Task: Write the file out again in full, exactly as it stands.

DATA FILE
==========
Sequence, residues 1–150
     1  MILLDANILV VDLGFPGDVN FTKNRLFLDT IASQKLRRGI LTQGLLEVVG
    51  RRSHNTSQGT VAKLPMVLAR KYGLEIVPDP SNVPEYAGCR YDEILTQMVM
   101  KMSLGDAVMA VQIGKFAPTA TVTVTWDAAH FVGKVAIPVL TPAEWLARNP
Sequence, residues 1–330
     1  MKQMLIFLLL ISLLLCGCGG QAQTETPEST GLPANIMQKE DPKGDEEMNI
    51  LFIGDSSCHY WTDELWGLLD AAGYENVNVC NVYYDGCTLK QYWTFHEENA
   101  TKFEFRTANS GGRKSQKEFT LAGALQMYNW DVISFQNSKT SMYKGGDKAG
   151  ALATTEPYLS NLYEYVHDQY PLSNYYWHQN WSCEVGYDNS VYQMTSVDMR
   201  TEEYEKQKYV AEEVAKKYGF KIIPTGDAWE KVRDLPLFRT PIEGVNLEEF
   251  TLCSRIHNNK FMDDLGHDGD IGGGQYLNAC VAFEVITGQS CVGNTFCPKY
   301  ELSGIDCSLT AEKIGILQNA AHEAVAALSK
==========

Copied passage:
Sequence, residues 1–150
     1  MILLDANILV VDLGFPGDVN FTKNRLFLDT IASQKLRRGI LTQGLLEVVG
    51  RRSHNTSQGT VAKLPMVLAR KYGLEIVPDP SNVPEYAGCR YDEILTQMVM
   101  KMSLGDAVMA VQIGKFAPTA TVTVTWDAAH FVGKVAIPVL TPAEWLARNP
Sequence, residues 1–330
     1  MKQMLIFLLL ISLLLCGCGG QAQTETPEST GLPANIMQKE DPKGDEEMNI
    51  LFIGDSSCHY WTDELWGLLD AAGYENVNVC NVYYDGCTLK QYWTFHEENA
   101  TKFEFRTANS GGRKSQKEFT LAGALQMYNW DVISFQNSKT SMYKGGDKAG
   151  ALATTEPYLS NLYEYVHDQY PLSNYYWHQN WSCEVGYDNS VYQMTSVDMR
   201  TEEYEKQKYV AEEVAKKYGF KIIPTGDAWE KVRDLPLFRT PIEGVNLEEF
   251  TLCSRIHNNK FMDDLGHDGD IGGGQYLNAC VAFEVITGQS CVGNTFCPKY
   301  ELSGIDCSLT AEKIGILQNA AHEAVAALSK